A firm at the centre of the London Capital & Finance (LCF) scandal was found to have “overvalued” a major asset on its balance sheet by a court today, meaning it was unlikely it could have paid back the money it owed LCF.
London Oil & Gas was the biggest recipient of cash from LCF, which collapsed a year ago owing £236m to more than 11,000 investors, sparking an official investigation into high-risk “mini bonds” and numerous acrimonious court battles.
Today’s judgment was a section of a bigger ruling by Judge Clive Jones that rejected the attempt by London Oil & Gas’s (LOG) former director Elten Barker to remove the administrators from his old company. He and his fellow directors put LOG into administration last year.
But Barker then took administrator Smith & Williamson to court after it lodged an application to question him, arguing the accountancy firm should be stripped of its role.
Barker’s lawyers said London Oil & Gas should not be in administration since it could sell its shares in London-listed Independent Oil & Gas and pay off its debts.
However, Judge Jones said London Oil & Gas’s valuation of the shares of £135.65m was “unsustainable on the evidence before me”.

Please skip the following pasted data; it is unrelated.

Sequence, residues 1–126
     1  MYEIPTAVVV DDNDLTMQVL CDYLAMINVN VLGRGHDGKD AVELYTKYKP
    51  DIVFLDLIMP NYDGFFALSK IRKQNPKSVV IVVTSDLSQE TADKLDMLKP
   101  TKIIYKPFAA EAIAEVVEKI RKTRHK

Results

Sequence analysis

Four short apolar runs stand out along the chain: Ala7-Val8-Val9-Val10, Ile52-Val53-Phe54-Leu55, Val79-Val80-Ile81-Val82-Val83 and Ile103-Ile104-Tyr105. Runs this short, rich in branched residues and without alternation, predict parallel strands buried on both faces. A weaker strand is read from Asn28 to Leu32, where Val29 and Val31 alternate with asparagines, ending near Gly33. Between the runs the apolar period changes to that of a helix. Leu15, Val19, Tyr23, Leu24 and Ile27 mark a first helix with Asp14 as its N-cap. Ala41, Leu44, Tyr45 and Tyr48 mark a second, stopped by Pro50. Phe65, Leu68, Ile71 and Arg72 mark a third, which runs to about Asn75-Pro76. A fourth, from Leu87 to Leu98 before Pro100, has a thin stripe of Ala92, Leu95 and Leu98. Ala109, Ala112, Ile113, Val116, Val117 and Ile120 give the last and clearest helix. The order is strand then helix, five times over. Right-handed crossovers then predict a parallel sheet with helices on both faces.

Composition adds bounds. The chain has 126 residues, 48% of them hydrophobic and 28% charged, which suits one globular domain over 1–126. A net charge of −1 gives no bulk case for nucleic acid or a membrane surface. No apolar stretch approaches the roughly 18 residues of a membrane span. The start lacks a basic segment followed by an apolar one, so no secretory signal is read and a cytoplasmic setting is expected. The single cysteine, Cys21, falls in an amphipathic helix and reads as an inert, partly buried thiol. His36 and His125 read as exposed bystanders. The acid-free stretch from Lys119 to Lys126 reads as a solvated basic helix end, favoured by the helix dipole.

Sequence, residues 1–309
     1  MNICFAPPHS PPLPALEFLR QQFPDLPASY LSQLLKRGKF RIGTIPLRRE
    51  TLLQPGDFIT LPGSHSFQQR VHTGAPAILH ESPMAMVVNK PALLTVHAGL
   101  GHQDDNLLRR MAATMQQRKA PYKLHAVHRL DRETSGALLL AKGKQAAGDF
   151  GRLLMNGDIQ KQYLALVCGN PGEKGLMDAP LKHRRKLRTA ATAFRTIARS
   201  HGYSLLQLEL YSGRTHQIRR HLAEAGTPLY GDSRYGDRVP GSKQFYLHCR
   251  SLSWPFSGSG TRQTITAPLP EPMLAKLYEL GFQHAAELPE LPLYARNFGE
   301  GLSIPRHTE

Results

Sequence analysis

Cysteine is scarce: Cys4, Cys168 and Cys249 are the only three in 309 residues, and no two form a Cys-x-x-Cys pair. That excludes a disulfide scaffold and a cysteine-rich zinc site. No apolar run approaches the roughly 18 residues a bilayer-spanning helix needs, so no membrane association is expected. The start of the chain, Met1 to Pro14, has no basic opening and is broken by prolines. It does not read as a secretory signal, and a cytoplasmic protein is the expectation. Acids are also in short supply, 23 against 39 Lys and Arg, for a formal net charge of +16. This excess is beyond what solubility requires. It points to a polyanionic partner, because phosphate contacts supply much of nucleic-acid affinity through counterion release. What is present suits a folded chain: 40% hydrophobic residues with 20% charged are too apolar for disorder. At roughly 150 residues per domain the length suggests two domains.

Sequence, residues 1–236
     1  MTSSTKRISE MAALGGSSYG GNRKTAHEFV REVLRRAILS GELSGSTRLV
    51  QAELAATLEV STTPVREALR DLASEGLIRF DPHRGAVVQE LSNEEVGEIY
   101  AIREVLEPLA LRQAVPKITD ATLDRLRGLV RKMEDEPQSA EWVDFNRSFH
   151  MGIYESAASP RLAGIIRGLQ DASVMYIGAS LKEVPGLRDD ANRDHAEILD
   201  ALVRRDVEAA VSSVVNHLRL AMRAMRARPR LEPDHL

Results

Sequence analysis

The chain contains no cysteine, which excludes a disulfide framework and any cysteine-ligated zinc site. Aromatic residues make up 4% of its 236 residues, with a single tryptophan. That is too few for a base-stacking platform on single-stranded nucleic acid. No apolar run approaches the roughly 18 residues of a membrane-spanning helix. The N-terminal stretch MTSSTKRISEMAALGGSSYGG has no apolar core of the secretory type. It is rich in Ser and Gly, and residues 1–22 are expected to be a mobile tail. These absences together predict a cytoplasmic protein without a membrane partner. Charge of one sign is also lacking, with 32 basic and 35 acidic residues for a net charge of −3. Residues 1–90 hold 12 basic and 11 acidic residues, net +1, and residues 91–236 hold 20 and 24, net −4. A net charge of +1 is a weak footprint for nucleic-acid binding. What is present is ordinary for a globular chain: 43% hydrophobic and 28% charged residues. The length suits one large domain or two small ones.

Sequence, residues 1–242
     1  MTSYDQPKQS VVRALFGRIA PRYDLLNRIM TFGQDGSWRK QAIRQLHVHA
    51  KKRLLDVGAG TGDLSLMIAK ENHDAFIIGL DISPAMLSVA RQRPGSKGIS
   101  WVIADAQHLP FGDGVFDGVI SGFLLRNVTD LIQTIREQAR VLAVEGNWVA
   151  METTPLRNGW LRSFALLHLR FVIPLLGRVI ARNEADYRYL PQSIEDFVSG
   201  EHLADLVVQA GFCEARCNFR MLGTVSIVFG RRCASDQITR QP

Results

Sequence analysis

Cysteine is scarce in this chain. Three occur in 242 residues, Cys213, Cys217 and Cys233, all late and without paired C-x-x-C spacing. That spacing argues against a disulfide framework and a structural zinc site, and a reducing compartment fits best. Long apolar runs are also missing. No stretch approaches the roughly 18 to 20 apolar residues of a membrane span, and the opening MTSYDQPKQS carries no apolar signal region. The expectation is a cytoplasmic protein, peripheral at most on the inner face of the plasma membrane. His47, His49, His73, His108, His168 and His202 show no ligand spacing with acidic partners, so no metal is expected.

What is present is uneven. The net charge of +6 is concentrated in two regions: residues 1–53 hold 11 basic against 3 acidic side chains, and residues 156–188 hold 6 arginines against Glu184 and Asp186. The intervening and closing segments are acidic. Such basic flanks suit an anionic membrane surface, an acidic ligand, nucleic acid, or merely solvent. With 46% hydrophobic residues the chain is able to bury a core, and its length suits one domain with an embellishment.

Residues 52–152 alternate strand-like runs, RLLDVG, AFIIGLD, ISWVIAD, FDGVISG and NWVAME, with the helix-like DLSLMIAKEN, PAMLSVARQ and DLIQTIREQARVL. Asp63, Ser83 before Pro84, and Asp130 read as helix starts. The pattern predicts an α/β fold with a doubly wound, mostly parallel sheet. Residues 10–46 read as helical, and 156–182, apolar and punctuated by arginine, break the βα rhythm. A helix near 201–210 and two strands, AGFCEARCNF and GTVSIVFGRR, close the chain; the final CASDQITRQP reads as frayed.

Jones said the valuation was based on an “unfounded” share price of 59.05p, despite its 2019 share price never having gone higher than 21.75p.
The judge said this meant London Oil & Gas had a roughly £81m hole in its accounts, and therefore “was or was likely to become unable to pay its debts”. The bulk of these debts were to LCF.
The judge rejected Barker’s attempts to remove Smith & WIlliamson as London Oil & Gas’s administrator.
Smith & Williamson partner and London Oil & Gas joint administrator Finbarr O’Connell said the “judgment makes clear that Mr Barker had no ‘legitimate interest’ in bringing his application” to have the administrators removed.
“The court has now made clear that he must cooperate with the administration and that he must attend such an interview very soon.”
Lawyers for Barker were contacted for comment.